After just reading my friend Jane Turley’s latest blog entry for the A to Z challenge I am feeling a bit like a layabout (which actually I am especially when there is a book to read or a book to find to read) so I think I will be inspired by her and do my own A to Z about life in England for an American (though I think of myself as an AmerBrit since I am anxiously preparing for the driving license trials to legally drive in the UK since I am now a resident (for as long as the contracts continue to be renewed).
So, My A (Alpha) is AmerBrit, my very own phrase for what I am. Four hundred (+or-) years ago my British ancestors began leaving these shores and sailing across the Atlantic to ports in the colonies. Most entered via Baltimore and settled in Maryland and Virginia and their sons and daughters (they had them by the dozen) moved south to N/S Carolina and then westward crossing the mighty Mississippi through Alabama, or through Tennessee and Missouri to southern and western Arkansas in the early 1800’s.
Those who moved the southern most routes had names like Ainsworth, King, Miller, Williams and McWilliams. Those coming through Tennessee bore names like Barker, Cates, Mankin, Hawkins, Frost, and Hays. By the time they reached Arkansas (and long before) they were mostly farmers and mostly Methodists or Baptists. A few explored further into Texas and Oklahoma. Their given names came from their English origins such as: Edmund, Imogene, Raleigh, Lydia, Keziah (Kessiah), Rosa, Ernest, Charles, George, John, and Henry.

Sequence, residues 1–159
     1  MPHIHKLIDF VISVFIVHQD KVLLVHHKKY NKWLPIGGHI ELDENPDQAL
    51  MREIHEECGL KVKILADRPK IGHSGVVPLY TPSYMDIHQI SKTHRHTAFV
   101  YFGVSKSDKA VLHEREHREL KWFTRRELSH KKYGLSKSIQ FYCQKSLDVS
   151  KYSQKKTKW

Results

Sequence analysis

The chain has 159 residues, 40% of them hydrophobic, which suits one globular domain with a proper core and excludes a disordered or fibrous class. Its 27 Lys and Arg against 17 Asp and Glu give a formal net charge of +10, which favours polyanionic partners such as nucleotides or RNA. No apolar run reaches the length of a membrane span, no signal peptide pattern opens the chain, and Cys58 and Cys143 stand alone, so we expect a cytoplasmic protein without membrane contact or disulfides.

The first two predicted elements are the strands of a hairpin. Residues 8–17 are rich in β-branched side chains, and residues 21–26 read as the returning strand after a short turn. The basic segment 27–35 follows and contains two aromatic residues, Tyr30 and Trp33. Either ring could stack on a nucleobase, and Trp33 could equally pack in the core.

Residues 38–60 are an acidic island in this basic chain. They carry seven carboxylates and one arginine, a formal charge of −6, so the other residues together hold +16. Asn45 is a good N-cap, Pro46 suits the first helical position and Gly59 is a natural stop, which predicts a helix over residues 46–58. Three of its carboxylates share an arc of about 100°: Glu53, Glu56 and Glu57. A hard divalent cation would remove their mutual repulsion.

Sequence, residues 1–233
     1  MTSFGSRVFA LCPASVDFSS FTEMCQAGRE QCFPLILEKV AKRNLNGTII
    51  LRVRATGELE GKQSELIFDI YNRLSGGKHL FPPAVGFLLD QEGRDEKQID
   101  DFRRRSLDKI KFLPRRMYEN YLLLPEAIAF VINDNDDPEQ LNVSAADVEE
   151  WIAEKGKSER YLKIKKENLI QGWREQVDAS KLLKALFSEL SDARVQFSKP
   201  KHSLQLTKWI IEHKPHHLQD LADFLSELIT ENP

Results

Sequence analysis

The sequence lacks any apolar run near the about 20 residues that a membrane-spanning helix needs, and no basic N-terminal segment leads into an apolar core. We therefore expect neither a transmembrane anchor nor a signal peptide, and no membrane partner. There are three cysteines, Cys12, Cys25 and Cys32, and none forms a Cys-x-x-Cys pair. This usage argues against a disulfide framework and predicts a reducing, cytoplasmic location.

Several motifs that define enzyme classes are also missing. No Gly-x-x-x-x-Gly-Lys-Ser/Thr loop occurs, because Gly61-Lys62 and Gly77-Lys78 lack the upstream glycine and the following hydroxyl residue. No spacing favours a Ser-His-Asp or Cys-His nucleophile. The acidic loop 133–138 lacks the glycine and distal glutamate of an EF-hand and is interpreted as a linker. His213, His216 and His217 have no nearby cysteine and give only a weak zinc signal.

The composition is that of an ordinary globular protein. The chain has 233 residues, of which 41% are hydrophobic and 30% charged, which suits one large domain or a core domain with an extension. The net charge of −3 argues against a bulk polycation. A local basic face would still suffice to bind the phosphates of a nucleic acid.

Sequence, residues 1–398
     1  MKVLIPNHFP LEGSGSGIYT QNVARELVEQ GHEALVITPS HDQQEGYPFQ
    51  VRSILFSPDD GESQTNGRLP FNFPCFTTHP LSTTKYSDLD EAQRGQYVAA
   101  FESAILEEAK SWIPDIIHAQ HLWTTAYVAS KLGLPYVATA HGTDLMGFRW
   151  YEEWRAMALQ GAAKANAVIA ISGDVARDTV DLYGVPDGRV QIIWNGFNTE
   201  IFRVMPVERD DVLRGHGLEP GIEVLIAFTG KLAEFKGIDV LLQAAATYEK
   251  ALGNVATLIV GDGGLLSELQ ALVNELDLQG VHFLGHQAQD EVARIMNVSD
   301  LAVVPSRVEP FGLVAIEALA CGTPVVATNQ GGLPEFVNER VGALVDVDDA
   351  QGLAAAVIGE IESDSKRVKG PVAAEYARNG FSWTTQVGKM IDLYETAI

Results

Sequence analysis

With the American Civil war some joined the Union army and others joined the Confederate. One seems to have joined both at different times. Afterwards they seem to have gone on about the business of living. There may have been a rogue or two. Their daughters were masters of their homes and as much as possible their men. They sent their sons off to later wars including my father who traveled to the shores of Africa and Europe. It was during that time that his very English name handed down for generations, Raleigh Cecil, became Rawleigh Cecil (for British that is CEEcil). It was also in his generation that Hays became officially Hayes.
Daddy’s (Southerners call their fathers Daddy regardless of their age) generation begat children who began the movement to new places across America and the larger world. They went to university, entered new vocations and professions, served their country and married people from other countries, cultures, religions, and backgrounds. They diversified. Many stayed near where they were born and raised (yes my British friends in America we raise children as well as livestock). So most are not AmerBrits any longer but AmerWorld and that is a very good thing.
I sit here at my front window and know that most of my family is living in America, but I also wonder about those very distant connections across Britain who shared some distant ancestor.
So, AmerBrit is my offering to Alpha. If I carry through on this idea then I will explore the alphabet by visiting a place for each remaining letter of the alphabet. I actually found one place in all the British Islands that begins with the letter Z (zed … Zulu) so I look forward to my visits to the northern reaches.
Come along for the drive, ride, walk, crossing, or flight. Next . . . Buckinghamshire, Bletchley, Basingstoke, Bath, Bristol or . . . hmmmm.